“The Resurrection Community”
April 15, 2012
“With great power [they] gave their testimony to the resurrection of the Lord Jesus,” and “those who believed were of one heart and soul,” and there “was not a needy person among them.” What a difference a resurrection makes! It’s about more, far more, than life after death, getting to heaven. And it’s about more than having a personal relationship with God through Jesus Christ. It’s about community, resurrection community. During the Easter season, the first readings are from the book of Acts rather than the Old Testament. As we explore these texts for what resurrection community looks like, we need to remember these are post-Pentecost as well.
As we can see from our Gospel reading, resurrection community doesn’t happen quickly as the fearful disciples lock themselves away behind closed doors. There is no power here, no unified heart and soul, no service outside of themselves. Yet Jesus, as Jesus always does, meets the disciples where they are, even in their brokenness, and challenges them to be the people he has called them to be. He calls them not just as resurrection individuals, but also as resurrection community. Soon enough, they were out those doors, proclaiming boldly the resurrection of Jesus and the life available in his name. They will do this even though they are imprisoned, beaten, and ultimately martyred because of it.
That the disciples preached the good news of Jesus boldly is beyond dispute. But what of Luke’s claim to unity of heart and soul, not to mention that all was sold and no one had any need? A close reading of Acts shows that there were several contentious events in the early church. In fact, in chapter six there will be a dispute about the unequal distribution of goods to widows. I don’t think that being of one heart or soul means that there is no conflict or disagreements. One thing I do think it means is that everyone is pulling in the same direction, having the same goal, even though there may be differences of opinion as to how the community gets there.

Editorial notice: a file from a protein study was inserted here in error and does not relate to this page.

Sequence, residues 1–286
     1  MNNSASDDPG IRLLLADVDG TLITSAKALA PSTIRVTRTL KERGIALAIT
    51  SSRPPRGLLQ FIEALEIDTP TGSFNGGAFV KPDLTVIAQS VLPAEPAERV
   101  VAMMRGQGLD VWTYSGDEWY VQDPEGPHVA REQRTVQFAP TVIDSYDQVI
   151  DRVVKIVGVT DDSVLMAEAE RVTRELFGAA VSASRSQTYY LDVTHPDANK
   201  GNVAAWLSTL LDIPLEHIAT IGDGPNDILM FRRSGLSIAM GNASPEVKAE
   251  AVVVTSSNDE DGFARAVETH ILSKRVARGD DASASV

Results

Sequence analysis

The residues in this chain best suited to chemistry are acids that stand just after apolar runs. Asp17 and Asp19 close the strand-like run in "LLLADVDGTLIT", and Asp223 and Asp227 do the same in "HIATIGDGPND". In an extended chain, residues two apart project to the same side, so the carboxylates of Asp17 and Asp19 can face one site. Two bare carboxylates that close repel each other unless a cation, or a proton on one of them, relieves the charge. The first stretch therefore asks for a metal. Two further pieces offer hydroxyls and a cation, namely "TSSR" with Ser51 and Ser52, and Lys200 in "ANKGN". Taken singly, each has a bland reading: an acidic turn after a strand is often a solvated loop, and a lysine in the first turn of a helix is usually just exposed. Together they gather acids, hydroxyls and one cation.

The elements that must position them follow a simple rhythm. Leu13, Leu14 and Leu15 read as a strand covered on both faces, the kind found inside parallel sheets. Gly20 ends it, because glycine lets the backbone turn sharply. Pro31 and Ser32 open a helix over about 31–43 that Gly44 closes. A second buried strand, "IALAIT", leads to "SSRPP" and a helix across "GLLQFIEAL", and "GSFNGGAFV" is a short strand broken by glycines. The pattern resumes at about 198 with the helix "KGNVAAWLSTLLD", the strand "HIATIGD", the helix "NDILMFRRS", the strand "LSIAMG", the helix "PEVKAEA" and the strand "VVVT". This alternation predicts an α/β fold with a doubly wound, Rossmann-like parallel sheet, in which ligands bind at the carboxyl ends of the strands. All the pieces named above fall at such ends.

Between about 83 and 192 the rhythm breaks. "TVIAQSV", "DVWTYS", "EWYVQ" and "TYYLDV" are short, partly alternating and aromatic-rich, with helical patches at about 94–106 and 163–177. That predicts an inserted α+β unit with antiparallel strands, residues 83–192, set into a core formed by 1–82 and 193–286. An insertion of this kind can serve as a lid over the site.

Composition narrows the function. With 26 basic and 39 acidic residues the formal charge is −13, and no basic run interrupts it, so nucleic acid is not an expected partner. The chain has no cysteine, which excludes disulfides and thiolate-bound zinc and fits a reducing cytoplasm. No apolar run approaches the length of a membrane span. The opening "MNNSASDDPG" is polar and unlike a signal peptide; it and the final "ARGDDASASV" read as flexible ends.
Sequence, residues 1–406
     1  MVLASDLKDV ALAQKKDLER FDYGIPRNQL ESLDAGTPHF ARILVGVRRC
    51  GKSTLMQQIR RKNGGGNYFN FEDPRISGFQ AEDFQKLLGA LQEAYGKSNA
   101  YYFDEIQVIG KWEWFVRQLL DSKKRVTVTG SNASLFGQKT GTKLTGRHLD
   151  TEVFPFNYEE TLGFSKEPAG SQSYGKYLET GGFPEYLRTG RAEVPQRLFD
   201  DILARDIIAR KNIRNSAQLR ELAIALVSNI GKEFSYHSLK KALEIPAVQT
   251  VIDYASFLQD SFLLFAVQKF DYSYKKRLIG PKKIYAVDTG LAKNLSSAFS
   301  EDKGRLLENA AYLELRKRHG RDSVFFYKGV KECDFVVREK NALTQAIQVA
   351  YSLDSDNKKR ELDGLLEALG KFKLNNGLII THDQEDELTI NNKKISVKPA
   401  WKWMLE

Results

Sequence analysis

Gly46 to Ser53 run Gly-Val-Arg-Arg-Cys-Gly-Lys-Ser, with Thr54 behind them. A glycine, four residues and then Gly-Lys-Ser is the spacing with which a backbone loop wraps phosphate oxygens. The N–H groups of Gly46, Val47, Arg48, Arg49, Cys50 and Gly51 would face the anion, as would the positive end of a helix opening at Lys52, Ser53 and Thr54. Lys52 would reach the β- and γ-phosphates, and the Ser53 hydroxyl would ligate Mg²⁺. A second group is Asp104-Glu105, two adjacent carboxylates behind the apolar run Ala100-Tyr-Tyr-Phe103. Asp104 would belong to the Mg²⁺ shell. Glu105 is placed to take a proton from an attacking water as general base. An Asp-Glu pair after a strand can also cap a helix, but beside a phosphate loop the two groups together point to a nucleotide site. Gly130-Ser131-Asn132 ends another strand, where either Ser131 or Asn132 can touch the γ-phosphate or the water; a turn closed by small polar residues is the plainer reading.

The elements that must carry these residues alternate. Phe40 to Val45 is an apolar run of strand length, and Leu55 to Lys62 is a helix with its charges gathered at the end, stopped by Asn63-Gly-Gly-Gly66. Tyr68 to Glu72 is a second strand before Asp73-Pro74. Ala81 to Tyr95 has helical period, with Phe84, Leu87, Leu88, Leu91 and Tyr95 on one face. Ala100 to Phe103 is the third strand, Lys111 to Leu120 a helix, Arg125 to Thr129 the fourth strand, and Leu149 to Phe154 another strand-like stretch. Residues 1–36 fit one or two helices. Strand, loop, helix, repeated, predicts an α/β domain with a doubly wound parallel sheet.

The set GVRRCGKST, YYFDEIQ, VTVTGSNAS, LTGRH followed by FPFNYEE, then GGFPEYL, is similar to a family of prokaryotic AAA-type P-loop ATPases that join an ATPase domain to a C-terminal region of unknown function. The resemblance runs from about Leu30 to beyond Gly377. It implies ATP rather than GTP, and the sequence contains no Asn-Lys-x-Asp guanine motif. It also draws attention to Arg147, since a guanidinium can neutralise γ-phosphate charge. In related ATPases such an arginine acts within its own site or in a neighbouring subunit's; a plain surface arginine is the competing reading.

The same is true about the selling of all possessions and having no needy among them. The wheels come off this idealized wagon soon enough. The story of Ananias and Sapphira, which comes soon after, shows that not all were on board with this plan. (Ananias and Sapphira will hold back some of their goods and fall dead when they are found out. Their sin isn’t so much that they held back, but that they lied about it, to God and to the community.) Even so, just because this is an idealized account doesn’t mean the ideal isn’t worth living up to. The point is that the resurrection of Jesus Christ, which constitutes a new community of faith, doesn’t merely free us from something—fear, brokenness, and powerlessness. It also frees us for something—something outside of ourselves. Jesus meets us behind our insecurities and frees us, sending us out as the Father sent him.
As I studied this text, looking ahead to our 125th anniversary celebration next week, I couldn’t help think about those first people who settled this area and sacrificed to build this church. Very often, churches were the first buildings and people who had little to begin with gave sacrificially to build them. I also thought about how the resurrection frees us to live outside ourselves as I attended the Pathstone Living (formerly Mankato Lutheran Home) volunteer recognition luncheon the other day. It was heart-warming to see one of Grace’s own, Audrey, Tolzmann honored as volunteer of the year. But it was even more heart-warming to see person after person from Grace and other churches who willingly give of themselves at Pathstone and so many other places.
What a difference the resurrection makes! Today’s text may make us hold our wallets and purses a bit tighter, but that’s the least of our worries. God doesn’t want our money; God wants all of us. In fact, God already has all of us, but God wants our hearts and souls to be pulling in the same direction, focused outward in service. Our church council is working on a plan, based on the Shepherding Team’s work, to do just that. More will be coming out in the next few weeks, but I hope you will be a part of the plan as it unfolds. In a sense, you have no choice because Christ is risen, and the resurrection makes all the difference. Amen.